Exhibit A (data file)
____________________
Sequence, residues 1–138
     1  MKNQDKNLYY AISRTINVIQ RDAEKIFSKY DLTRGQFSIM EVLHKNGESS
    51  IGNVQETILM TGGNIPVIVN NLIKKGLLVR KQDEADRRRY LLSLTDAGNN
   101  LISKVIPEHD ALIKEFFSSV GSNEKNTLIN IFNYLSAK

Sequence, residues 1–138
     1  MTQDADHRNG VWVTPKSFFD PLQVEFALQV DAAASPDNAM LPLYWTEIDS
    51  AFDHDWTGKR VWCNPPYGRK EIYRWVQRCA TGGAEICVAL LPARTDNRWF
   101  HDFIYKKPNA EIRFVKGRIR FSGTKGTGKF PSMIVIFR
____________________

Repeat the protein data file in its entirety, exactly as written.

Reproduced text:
Sequence, residues 1–138
     1  MKNQDKNLYY AISRTINVIQ RDAEKIFSKY DLTRGQFSIM EVLHKNGESS
    51  IGNVQETILM TGGNIPVIVN NLIKKGLLVR KQDEADRRRY LLSLTDAGNN
   101  LISKVIPEHD ALIKEFFSSV GSNEKNTLIN IFNYLSAK

Sequence, residues 1–138
     1  MTQDADHRNG VWVTPKSFFD PLQVEFALQV DAAASPDNAM LPLYWTEIDS
    51  AFDHDWTGKR VWCNPPYGRK EIYRWVQRCA TGGAEICVAL LPARTDNRWF
   101  HDFIYKKPNA EIRFVKGRIR FSGTKGTGKF PSMIVIFR